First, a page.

You should speak to the co-ordinator in your UK dialysis unit before you travel. They will contact the dialysis unit in Spain nearest to where you will be staying. The provision of dialysis will be subject to availability in Spain. The Renal Association website has a list of renal units in the UK.

Ensure you make your arrangements according to your UK schedule. Also, there may be different guidance depending on what type of dialysis you receive. Make sure you speak to your doctor before you travel. In addition, visit the National Kidney Federation website, which offers general  advice about travelling with a kidney disease, as well as specific guidance for haemodialysis patients, peritoneal dialysis patients and guidelines for transplant patients.

Getting prescriptions

A UK prescription may not be recognised in Spain. If this is the case you’ll need to get a prescription from a Spanish GP.

Prescription medicines are not free in Spain. With an EHIC you get a reduced rate, but you’ll still pay:

  • 50% of the prescription price
  • 10% of the prescription price if you have a UK State Pension ‒ you may need to show proof that you’re a pensioner to pay this rate

These prescription charges are non-refundable.

Bringing medicine with you

You need a letter to prove your medicine is prescribed to you if it contains a ‘controlled drug’. You may need to show this at the border when you’re entering or leaving the UK and Spain.

You may also need a licence for controlled drugs if:

  • your trip is longer than 3 months
  • you’re travelling with more than 3 months’ supply

Read more about travelling with controlled medicines.

You should also contact your nearest Spanish consulate before you travel to find out if you need to apply for a Spanish licence.

WHERE TO GO AND WHAT TO DO IF YOU NEED MEDICAL ASSISTANCE IN BENIDORM

If you find yourself in a serious, life-threatening emergency, you should call 112. This number is free of charge and valid in all Spanish territories. The Spanish word for A&E department is "urgencias". Other important phone numbers to note down:

•112 or 061 – ambulance (ambulancia)

•091 – national police (policía nacional)

•092 – local police (policía municipal)

•062 – civil guard (guardia civil)

•080 – fire brigade (bomberos)

•900 202 202 – sea rescue (salvamento y seguridad marítima)

If you feel you need medical treatment the best place to go to your nearest Centro de Salud.  You must have with you your EHIC/GHIC card and your passport and any travel insurance documents you have, you will not be seen without these.  We have seen people in the ambulance ready to be taken to the relevant hospital but the drivers will not go anywhere unless they have seen this paperwork. Once you have been seen by the duty doctor they will decide on your treatment, your insurance or lack of will determine which hospital you go to, if you only have your EHIC/GHIC card you will be taken to the general hospital which is closer to Villa Joyosa, if you have full travel insurance you will be taken to Levante Hospital (in Benidorm) There are lots of other private clinics in Benidorm some of these will treat you themselves or you will be directed to either Clinica Benidorm or Levante hospital you need insurance because you will be charged.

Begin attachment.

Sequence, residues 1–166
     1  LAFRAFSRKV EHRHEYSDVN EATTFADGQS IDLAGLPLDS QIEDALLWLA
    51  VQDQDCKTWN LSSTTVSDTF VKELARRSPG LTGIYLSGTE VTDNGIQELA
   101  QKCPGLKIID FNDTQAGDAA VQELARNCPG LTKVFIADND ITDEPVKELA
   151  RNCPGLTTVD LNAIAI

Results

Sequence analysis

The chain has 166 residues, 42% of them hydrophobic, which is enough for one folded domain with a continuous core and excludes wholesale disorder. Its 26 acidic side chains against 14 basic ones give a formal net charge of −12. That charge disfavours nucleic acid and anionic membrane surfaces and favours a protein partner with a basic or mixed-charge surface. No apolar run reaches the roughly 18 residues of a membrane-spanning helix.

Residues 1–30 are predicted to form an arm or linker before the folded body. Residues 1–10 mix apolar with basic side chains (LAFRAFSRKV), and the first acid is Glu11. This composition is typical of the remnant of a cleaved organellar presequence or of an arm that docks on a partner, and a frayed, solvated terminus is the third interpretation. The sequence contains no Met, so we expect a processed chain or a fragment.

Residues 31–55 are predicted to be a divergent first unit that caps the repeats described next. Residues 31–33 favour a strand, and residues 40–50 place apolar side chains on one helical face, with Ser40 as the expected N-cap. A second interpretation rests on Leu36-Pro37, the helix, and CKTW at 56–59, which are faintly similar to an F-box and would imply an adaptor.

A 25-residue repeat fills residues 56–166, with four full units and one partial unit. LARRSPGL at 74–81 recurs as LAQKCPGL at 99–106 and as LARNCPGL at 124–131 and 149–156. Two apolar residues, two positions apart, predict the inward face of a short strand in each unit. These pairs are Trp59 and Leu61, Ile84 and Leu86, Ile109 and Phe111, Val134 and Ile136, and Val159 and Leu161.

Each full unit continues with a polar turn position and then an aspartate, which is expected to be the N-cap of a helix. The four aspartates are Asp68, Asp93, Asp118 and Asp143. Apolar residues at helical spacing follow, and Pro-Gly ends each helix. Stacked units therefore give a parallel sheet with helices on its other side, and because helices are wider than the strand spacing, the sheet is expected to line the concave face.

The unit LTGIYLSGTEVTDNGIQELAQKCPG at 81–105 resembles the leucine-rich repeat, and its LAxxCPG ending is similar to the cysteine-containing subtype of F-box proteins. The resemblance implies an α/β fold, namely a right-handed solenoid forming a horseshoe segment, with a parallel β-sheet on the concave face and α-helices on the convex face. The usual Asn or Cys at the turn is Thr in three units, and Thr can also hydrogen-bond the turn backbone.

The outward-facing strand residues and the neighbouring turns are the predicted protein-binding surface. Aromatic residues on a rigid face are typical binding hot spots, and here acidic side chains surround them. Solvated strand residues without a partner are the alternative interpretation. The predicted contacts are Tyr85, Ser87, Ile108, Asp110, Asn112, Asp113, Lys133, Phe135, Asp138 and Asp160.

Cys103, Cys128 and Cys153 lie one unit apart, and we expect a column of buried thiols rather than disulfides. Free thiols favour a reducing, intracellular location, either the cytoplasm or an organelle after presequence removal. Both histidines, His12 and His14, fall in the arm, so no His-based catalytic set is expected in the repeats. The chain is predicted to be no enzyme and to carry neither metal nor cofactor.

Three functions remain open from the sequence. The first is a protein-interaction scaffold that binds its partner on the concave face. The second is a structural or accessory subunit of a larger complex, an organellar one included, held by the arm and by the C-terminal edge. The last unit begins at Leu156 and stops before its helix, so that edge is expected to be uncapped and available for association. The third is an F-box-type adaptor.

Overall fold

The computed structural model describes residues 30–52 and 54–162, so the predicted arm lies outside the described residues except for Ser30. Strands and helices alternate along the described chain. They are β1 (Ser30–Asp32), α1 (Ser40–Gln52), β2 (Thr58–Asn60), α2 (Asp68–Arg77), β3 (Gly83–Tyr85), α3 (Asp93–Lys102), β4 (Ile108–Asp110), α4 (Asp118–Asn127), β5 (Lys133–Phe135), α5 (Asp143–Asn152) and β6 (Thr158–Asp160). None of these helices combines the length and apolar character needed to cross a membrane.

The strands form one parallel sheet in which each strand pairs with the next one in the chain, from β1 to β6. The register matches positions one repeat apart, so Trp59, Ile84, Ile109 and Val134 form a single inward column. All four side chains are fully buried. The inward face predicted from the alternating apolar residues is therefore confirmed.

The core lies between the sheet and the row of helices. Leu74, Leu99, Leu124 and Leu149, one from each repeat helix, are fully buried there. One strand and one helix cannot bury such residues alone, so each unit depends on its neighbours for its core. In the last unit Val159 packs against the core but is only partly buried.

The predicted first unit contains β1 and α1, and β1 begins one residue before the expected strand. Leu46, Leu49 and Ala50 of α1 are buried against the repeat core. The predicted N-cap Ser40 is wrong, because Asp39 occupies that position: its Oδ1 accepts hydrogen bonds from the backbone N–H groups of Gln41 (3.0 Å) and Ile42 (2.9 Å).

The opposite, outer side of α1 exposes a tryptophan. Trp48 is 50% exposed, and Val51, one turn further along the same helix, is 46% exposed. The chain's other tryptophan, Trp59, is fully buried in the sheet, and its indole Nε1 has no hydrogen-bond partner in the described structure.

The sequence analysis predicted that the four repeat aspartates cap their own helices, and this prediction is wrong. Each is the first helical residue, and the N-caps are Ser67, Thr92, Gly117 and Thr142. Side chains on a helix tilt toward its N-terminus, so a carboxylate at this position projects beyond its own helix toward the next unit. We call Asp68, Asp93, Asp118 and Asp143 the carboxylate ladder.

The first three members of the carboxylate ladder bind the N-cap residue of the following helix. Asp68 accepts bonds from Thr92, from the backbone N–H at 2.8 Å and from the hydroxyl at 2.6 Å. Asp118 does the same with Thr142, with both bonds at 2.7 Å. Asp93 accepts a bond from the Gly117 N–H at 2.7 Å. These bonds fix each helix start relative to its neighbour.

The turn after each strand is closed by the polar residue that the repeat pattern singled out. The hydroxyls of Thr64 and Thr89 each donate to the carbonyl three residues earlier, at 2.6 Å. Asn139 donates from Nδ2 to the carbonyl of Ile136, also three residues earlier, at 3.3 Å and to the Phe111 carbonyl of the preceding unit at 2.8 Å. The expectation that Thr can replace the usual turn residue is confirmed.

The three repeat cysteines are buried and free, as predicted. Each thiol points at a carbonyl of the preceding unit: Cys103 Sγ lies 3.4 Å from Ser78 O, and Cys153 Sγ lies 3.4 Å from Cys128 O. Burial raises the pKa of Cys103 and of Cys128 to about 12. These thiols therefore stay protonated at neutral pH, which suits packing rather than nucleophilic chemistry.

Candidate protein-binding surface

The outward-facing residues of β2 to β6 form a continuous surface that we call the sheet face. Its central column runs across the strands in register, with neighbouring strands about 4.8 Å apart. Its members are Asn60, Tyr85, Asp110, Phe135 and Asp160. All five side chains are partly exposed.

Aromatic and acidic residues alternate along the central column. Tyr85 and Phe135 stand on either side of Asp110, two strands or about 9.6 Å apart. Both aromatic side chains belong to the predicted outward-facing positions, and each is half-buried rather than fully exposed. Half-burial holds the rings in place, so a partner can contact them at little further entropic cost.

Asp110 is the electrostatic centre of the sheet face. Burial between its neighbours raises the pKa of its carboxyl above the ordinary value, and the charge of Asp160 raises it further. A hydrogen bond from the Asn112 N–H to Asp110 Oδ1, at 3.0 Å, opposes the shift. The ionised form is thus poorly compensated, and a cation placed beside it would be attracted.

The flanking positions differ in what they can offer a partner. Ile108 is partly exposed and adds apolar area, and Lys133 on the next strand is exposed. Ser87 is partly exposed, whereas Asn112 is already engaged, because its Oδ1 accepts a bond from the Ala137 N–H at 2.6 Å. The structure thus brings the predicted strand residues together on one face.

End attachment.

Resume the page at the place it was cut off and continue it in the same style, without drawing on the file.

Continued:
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Travel insurance existing medical conditions

Recommended Insurance Companies for Pre existing medical conditions

This is one of our most frequently asked questions on the Facebook Group, so below are our members recommendations for Insurance companies that will cover pre-existing medical conditions. Travel Insurance existing conditions.

Brexit and insurance 

For people visiting the EU, we recommend buying travel insurance to ensure you can travel safely. You should make sure you understand the terms and conditions of your travel insurance policy, and that the policy is sufficient to cover possible disruption. The FCO has guidance on what your travel insurance policy should cover.

If you already have travel insurance to cover your trip, your insurer should let you know if there will be any changes to the way your policy is serviced that will affect you after the UK leaves the EU. If you have questions about what your travel insurance policy covers, or whether the policy is sufficient to cover possible disruption, you may wish to contact your insurer.

You may need extra travel cover if you’re over 65 or if you have a pre-existing medical condition.

Please note all the companies below also do "normal" travel insurance policies.

What is a ‘pre-existing medical condition’?

Travel insurance existing conditions

This term covers a lot – from allergies to broken bones.

Different insurance companies have different definitions, but your insurer is likely to consider any of the following as a pre-existing medical condition:

  • Any condition you are waiting for an operation on
  • Any condition that you’re currently awaiting test results for
  • Any condition, even a minor one, that you’ve seen a doctor about in the last year
  • Any serious condition – cancer, heart trouble, respiratory problems – you have ever had

They will also want to know if you’re currently taking any medication.